Census fails to identify whether 13,000 foreign kids are in school


A question about the education status of children in the 2010 census was left blank for about 13,000 foreign children, according to Kyodo News analysis of the data.

The rate of “not known” — 16 percent of foreign children aged 7 to 14 — compares with just 0.01 percent for Japanese children in the same age group.

Possible responses included the child “Is attending,” “Will attend” or “Graduated from” school. Leaving the section blank was categorized as “not known,” according to the census division of the Internal Affairs and Communications Ministry.

It is unclear if people left it blank because they did not understand the question or wanted to avoid declaring that their children are not in school, but 39.5 percent of the people who did not answer also failed to fill in the section asking about their nationality.

Among declared nationalities, 15.9 percent of “not knowns” were Peruvians, 14.9 percent Vietnamese and 14.6 percent Chinese.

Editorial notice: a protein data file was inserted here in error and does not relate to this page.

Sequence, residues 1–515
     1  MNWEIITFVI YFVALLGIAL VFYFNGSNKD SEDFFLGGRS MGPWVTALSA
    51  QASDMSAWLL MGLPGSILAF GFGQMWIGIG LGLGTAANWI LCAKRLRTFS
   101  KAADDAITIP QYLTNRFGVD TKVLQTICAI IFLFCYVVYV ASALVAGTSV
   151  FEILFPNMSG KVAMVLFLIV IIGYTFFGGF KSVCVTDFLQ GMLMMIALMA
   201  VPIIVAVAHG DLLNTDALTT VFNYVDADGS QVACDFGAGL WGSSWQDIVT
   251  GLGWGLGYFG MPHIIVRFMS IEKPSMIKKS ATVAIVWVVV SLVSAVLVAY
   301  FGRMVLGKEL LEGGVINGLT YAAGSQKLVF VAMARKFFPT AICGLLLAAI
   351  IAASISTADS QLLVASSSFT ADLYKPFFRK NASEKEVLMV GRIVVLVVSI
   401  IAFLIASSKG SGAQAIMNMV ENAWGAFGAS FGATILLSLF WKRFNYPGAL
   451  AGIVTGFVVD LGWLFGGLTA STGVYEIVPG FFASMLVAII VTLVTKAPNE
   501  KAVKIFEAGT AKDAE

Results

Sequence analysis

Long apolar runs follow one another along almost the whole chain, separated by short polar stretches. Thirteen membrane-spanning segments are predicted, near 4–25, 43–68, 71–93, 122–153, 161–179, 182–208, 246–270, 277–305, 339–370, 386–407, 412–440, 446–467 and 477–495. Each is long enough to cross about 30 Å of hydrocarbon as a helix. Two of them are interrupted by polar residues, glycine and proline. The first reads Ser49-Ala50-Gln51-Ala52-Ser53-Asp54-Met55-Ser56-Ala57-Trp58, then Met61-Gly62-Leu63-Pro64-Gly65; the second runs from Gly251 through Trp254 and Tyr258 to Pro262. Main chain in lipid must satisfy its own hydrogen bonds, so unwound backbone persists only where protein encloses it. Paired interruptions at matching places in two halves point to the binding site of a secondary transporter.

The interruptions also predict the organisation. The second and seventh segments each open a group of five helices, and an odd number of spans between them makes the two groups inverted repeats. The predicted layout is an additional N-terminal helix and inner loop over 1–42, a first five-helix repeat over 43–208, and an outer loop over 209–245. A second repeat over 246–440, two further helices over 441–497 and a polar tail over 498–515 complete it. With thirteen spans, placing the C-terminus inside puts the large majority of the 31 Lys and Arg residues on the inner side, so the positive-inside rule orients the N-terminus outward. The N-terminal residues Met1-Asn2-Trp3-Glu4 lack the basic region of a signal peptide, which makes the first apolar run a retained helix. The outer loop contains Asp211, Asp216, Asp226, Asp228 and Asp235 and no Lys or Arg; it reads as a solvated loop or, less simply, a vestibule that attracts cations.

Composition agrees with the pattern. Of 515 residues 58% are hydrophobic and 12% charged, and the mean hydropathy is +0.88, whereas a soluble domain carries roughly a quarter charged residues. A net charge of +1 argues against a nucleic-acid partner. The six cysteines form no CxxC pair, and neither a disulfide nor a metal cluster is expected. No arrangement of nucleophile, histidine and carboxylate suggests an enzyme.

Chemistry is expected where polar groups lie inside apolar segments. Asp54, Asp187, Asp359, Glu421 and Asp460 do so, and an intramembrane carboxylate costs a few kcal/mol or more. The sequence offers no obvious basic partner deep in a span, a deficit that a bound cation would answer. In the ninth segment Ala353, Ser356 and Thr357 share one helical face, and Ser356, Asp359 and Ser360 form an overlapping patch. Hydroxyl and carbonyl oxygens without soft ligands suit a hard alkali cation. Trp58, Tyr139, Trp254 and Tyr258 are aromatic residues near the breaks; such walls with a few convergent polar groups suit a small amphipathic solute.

Some did declare a not-in-school status. About 430 foreign children from 7 to 14 years old, or 0.55 percent, were shown as not attending school, according to the analysis.

The government carries out the census every five years on Japanese and foreign residents in the country.

Questions about education are made every 10 years.

  • Peter

    Call me Captain Obvious, but these respondents seem unwilling to share information with the government if they “don’t know” even their own nationality. So this is a non-story.

  • bwprager123

    This is a story about how Japanese institutions routinely treat children as parental property of Japanese nationals, or if not, then as non-existent and immaterial. It is routine for Japanese institutions to disavow maltreatment and indifference to children. Denial is the rule, for the existence of abused, or abducted, or institutionally unacknowledged and unrecognized children. The response of authorities, is who cares? Not us.Not our job.